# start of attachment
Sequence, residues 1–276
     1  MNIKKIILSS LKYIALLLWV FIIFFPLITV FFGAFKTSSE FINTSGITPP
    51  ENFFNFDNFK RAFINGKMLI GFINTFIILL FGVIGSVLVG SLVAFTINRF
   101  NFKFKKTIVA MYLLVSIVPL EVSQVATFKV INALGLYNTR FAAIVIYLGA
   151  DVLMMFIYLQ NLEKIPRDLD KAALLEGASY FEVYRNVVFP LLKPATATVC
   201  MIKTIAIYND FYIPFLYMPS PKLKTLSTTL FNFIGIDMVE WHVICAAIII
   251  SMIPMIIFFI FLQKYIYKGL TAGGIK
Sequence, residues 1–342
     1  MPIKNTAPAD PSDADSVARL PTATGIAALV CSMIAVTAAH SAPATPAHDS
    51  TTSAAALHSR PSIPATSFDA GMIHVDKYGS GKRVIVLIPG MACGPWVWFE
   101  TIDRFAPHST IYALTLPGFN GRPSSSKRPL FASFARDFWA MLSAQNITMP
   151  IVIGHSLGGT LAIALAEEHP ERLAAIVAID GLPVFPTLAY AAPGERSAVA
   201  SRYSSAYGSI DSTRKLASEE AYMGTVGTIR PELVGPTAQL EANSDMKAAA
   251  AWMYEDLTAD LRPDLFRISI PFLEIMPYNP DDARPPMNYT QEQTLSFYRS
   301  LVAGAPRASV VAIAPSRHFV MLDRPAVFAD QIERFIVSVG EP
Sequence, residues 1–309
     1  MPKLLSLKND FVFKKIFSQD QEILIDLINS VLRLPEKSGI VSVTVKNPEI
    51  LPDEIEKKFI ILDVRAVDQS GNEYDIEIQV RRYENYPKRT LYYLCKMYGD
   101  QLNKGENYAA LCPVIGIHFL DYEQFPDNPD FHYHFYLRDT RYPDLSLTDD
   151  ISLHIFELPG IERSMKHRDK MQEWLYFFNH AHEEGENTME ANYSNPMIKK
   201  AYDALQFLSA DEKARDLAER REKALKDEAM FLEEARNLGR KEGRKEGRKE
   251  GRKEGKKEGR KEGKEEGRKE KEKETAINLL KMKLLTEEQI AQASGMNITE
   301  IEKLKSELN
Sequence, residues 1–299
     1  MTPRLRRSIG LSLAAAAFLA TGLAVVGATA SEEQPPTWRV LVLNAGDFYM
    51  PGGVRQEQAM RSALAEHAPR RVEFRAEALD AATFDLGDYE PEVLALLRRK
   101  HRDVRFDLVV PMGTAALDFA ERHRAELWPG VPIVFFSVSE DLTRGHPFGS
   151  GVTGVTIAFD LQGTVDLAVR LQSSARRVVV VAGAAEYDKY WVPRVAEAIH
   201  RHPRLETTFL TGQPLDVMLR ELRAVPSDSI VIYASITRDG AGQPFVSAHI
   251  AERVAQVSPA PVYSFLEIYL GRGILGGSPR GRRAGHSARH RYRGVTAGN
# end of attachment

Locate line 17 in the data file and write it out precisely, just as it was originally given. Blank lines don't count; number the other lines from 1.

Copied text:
     1  MPKLLSLKND FVFKKIFSQD QEILIDLINS VLRLPEKSGI VSVTVKNPEI